I still remember the moment i went to jakarta. I tried to speak mandarin to the chinese people there, but the DONT EVEN UNDERSTAND that. Instead, they are so proud to speak in bahasa indonesia. I think, in order to build us as ONE NATION or ONE MALAYSIA and to increase the understanding among all the races in malaysia, we should communicate in our national language.

Saya sedar bahawa kemahiran berkomunikasi saya dalam bahasa melayu tidaklah sehebat rakan melayu saya yang lain, tapi ini tidak bermakna saya harus mengabaikan bahasa kebangsaan kita semua. Saya berpendapat, jika kita benar – benar saling menghormati PERLEMBAGAAN NEGARA seperti yang diajar dalam silibus SEJARAH, pasti kita tidak ada masalah dalam mengukuhkan perpaduan antara kaum. Dengan belajar sejarah, saya yakin bahawa saya lebih memahami malaysia.

Berkenaan dengan hak orang melayu dan pribumi, saya faham bahawa itulah yang dipelihara dalam perlembagaan dan wajar dihormati. But my dear non – muslim friends, we should not be worry because the next sentence say that ‘ HAK KAUM – KAUM LAIN JUGA AKAN TURUT DIPELIHARA”. I think our part is absolutely secured because I’ve never heard that our right is put aside. I got scholarship from the government, I got the freedom to practice my belief, and its so perfect to be here! no place like Malaysia..

Saya sayang Malaysia..

1 Malaysia untuk kita semua!

https://www.blogger.com/comment.g?blogID=28829025&postID=5416137369981393884

18 08 2010
SSS Admin

sepadu,

The writer is indeed a true Malaysian. We are proud to have him as a fellow citizen and in the same ship as comrades in arms, as friends and buddies. We have not a single doubt on the loyalty of a Malaysian with his kind of thinking and disposition and will have no qualms about his fighting spirit in any battle or war against others who may be trying to destroy our beloved nation. Syabas dear friend, cinamalaysia.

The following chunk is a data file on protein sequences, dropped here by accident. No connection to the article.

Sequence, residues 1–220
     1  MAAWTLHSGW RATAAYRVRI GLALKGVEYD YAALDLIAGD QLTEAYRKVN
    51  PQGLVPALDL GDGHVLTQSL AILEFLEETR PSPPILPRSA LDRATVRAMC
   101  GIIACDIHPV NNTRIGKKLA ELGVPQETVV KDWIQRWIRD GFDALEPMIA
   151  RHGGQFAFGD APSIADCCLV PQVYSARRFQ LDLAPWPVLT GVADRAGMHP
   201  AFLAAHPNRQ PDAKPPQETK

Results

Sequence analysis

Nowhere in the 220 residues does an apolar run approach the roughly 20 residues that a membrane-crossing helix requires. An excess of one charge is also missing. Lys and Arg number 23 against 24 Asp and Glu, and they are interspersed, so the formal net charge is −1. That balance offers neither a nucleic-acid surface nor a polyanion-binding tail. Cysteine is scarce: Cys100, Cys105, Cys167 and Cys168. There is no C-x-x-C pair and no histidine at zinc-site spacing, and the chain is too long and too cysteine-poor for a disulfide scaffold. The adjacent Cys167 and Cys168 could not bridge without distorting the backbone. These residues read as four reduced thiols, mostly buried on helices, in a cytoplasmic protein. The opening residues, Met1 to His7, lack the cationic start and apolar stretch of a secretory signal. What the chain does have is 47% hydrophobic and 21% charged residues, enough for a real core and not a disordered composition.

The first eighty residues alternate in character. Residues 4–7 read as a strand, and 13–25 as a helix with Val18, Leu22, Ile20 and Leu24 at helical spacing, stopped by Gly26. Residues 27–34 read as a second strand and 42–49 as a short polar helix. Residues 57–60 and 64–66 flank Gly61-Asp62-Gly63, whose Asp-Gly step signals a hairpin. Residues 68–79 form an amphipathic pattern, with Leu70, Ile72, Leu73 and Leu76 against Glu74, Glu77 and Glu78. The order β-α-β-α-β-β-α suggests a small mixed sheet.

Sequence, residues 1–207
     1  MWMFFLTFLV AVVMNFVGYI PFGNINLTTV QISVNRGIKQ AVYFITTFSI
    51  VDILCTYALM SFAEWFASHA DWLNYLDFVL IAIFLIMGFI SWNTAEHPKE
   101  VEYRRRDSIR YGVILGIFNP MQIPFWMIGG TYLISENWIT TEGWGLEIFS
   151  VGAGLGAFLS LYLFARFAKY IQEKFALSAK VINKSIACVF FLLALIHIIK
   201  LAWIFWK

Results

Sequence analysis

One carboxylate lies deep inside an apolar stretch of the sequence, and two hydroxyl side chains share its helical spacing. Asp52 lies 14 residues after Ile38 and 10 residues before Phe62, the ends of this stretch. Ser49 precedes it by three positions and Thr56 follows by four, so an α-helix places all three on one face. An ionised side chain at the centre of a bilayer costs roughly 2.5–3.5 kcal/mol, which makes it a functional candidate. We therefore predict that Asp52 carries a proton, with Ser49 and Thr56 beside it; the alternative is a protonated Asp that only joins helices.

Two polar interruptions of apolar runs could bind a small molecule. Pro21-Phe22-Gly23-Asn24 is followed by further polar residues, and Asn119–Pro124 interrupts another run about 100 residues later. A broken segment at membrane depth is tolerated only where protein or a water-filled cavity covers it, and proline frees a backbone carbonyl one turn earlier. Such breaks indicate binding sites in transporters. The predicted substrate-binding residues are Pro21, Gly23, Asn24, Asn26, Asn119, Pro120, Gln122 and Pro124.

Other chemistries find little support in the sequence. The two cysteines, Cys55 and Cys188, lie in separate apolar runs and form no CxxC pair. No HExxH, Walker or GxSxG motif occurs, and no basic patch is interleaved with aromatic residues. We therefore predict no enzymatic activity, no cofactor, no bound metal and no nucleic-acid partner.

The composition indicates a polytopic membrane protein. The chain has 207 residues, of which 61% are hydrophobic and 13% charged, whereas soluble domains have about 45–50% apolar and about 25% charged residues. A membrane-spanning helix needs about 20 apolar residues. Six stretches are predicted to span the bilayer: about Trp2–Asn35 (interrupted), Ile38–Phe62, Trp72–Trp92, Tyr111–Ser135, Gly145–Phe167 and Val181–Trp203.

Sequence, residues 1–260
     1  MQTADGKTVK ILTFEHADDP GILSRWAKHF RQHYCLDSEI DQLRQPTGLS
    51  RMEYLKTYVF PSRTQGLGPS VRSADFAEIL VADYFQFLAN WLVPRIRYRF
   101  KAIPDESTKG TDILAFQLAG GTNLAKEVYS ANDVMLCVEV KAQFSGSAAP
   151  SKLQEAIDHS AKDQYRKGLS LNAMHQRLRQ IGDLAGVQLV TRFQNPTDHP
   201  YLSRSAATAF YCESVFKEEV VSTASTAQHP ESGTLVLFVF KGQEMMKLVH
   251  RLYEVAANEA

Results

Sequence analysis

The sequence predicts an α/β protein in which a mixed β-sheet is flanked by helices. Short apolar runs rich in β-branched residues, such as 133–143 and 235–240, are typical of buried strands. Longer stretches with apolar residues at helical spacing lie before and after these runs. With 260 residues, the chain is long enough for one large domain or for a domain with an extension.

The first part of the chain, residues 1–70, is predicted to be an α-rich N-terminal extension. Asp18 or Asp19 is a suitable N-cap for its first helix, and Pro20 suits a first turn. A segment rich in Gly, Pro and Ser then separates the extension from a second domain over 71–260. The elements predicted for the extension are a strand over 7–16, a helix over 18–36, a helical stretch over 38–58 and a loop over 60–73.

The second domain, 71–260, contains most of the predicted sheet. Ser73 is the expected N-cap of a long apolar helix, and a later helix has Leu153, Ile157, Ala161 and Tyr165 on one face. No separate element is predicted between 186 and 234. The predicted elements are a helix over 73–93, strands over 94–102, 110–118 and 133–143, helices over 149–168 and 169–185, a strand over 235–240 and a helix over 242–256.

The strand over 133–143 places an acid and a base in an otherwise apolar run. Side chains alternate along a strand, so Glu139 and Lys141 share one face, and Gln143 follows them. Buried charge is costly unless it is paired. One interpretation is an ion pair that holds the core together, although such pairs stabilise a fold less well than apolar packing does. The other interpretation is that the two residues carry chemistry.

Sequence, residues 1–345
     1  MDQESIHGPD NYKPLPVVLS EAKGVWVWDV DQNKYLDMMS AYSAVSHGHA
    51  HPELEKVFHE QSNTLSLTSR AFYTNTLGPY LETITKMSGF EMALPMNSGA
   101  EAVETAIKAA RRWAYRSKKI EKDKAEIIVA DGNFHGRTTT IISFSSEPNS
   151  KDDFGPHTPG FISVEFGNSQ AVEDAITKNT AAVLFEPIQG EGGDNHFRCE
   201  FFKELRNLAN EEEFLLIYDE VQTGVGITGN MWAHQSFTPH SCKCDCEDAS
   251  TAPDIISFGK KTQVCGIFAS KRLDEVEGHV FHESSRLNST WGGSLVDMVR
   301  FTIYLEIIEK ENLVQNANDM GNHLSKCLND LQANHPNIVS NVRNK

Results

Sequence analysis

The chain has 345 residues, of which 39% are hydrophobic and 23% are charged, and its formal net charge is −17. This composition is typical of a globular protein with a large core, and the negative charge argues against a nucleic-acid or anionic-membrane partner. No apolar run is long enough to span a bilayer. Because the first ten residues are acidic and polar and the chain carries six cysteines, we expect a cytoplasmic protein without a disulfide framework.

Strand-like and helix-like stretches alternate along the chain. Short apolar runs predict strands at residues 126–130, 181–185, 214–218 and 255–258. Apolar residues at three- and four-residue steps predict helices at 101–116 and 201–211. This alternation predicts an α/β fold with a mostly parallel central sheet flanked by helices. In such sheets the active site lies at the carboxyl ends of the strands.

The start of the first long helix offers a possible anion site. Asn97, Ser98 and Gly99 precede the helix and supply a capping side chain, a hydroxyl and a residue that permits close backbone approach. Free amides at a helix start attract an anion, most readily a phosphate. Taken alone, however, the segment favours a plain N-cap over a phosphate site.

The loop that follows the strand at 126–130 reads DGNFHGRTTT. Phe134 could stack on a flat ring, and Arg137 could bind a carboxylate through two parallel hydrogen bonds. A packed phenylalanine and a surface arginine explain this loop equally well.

We have read his other comments in the Ridhuan Tee blog. We have not much further to add and wish to publish excerpts from another inspiring one as follows:

cinamalaysia said…

.. I live my own way.. the way that all of us, Malaysians, are supposed to follow, regardless of race, religion, and skin color. I wonder how is it so difficult to build us a one nation? Years later, i found the answer. LANGUAGE BARRIER. I live in the Chinese culture, chinise school, mixing with majority of my Chinese friends. But, the unbalanced thing is, it limits my area of concern. It limits my communication skills, thus it limits my different races friends. Until i was transferred into SK (from standard 3)and then SMK, I have a lot of malay friends. It enhances my communication skill DRASTICALLY (even it is not as good as my Malay friends). I think I really get what Dr tried to say, one school mission should really be done for long term benefits. We dont want to mingle around with our races only right? no variety. Thus, to get to know each other, we should use the language that is understandable by everyone. Not to mention that english is not ok, but to me, BM pun ok la.. lagi senang..semua faham punya..cincai kira meh..

to me, in order to stop the unpleasant voices talking about ‘hak dalam perlembagaan’, we should make the Malaysians as ONE BIG NATION. How? definitely by using ONE LANGUAGE only. in school/university, do we really have to use English or many languages? I doubt it. If you go to Germany,they are so proud of their national language. Even Indonesia, belajar perubatan pun pakai bahasa Indonesia. critical course u see…

So Malaysians, just be proud of our national language, it might not be my mother’s tongue, but it is the official language of my beloved country. Bila semua orang boleh berkomunikasi dalam bahasa Melayu dengan baik, saya fikir kita akan lebih sepakat dan usaha untuk memupuk semangat menghormati sesama kita (terutamanya menghormati perlembagaan) lebih mudah. Sifat perkauman bermula apabila kita dipisahkan sejak kecil. Sewajarnya, semasa kita masih kanak – kanak di sekolah, kita sudah dididik dengan pergaulan mesra antara kaum. Barulah kita faham akan sensitiviti dan hak semua kaum.

But my dear friend Song, don’t get me wrong, even if I talk about one school or the importance Malay language, it never made me a Malay. I am still Chinese. And I understand Malaysian constitution.